The Rising Sun

When the sun rises, those who did not fear the night will be seen, still standing.

Quote and image taken from Steven Charleston

A cry for comfort and safety

(Vietnamese brother comforting baby sister )

I wake this morning with few words and an aching heart.

I share this image as an icon of comfort and compassion – a human response at any age. 

I share this prayer as a way to express the thoughts I carry deep within. 

For Nice, France

“God have mercy on all those who have lost their lives without reason. Lift them up in your strong arms and hold them close. Receive them into a place where there is no more terror or sorrow. Help the injured to recover. Guard them from further pain. Comfort the families with deep compassion. Give them a sense of your presence as they search for a way to bear their grief. And pour your Spirit into this broken world. Let your love run like waters of life into every mind and heart. Show us how to confront what we cannot comprehend and stop the sacrifice of so many innocent lives.”

quote: Bishop Steven Charleston
image: Vietnamese siblings, taken by Na Son Nguyen, 2007

to face the wind


I have seen the Spirit moving behind the gathering clouds, with wings the color of rainbows. I have watched the light of creation split the sky, as angels pound the drums of heaven. What is holy is not what is tame, what is divine is as wild as a desert rain. Love is not a timid breeze, but a storm of change, sweeping the comfortable before it like leaves, blowing the dust off our ordered lives, challenging us to dare the elements of our own vision. What is holy is not what is tame, so when you stand to pray, stand facing the wind.

Disaster calls for compassion…



The final word to our lives will not be terror or hate. Even if they seem overwhelming now, they will not define us or control us. Other forces are at work, deep forces that move silently among us, drawing us closer against the storm. Whenever human beings face disaster together, whatever that peril may be, our ancient instinct for compassion rises up to unite us in common cause. We do not shatter beneath the blows. We only grow stronger. No, fear and hate will never have the last word. Love will. The love every faithful soul feels when it sees a life in danger.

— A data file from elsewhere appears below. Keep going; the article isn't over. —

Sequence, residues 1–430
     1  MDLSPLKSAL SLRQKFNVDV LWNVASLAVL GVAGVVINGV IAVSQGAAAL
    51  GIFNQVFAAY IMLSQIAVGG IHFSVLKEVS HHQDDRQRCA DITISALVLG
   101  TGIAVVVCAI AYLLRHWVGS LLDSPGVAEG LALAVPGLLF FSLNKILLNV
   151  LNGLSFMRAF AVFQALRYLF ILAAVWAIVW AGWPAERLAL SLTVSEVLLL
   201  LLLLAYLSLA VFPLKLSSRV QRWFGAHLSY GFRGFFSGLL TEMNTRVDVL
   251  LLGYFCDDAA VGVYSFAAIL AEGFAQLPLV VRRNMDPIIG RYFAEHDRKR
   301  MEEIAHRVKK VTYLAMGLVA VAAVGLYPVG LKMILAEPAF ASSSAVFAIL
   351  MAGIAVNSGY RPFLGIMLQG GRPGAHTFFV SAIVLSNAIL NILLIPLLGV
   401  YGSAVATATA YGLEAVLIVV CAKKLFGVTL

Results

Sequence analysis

Bishop Steven Charleston

with thoughts and prayers for the people of Brussels, Ivory Coast and all places affected by violence and danger


Born to live…

We are resilient beings, born to live, shaped to endure, created to become.’ Steven Charleston 

O Come…

Something wonderful is coming this way. Each year at this time, when the ancient calendar turns, and the crisp wind blows, I feel the satin-winged angels flying through the star sprinkled night, to herald the advent of a new beginning. That is what I claim for our lives: that new beginning, that sacred start to a life renewed. Something wonderful is coming to you, to me, to all the world. No hurt or harm can hold back the healing: they must give way, yield to the power of mercy, and let the angelic chorus fill the sky with songs of hope, singing for you, singing for me, singing for the sheer joy of singing. Something wonderful is coming this way. (Bishop Steven Charleston – 2014)

Saturday prayers

Oh God hear my heart’s plea for healing.

Each Saturday morning, Bishop Steven Charleston uses Facebook to faithfully invite a sharing of prayers. These prayers are offered for ourselves, our loved ones, our neighbors and beyond. I look forward to this time each week. There are hundreds of requests – many just one or two lines. As I share my prayer I also take time to read the intercessions and celebrations offered by others. When reading these prayers each person knows you have heard their prayer when you ‘like’ the prayer. As the day moves forward these ‘likes’ collect as support and care.

This is a holy gathering – one that needs no walls. Used through social media it reaches beyond one’s comprehension. There are people who offer prayers each week and others who may only visit once. Hundreds of people give thanks for Bishop Charleston and this gathering of people who travel together on this sacred journey.

Today is Saturday. While preparing to share my prayers for healing and celebrations, I am overwhelmed with my feelings about the fragile nature of our world at this moment. I’ve never known such anger. I cannot comprehend the violence and loss of life. I long for an avenue, a turning place, where all could find their way and know peace deep within.

Having done it for years I know how to pray for peace. This Saturday morning that prayer is offered but it feels small as it faces the massive turmoil and violence spreading throughout our world.

For this I have few words of prayer only tears of sadness and longing for an end to this violence. ‘Lord have mercy…’ will work for now. A mantra that includes my plea for healing and peace.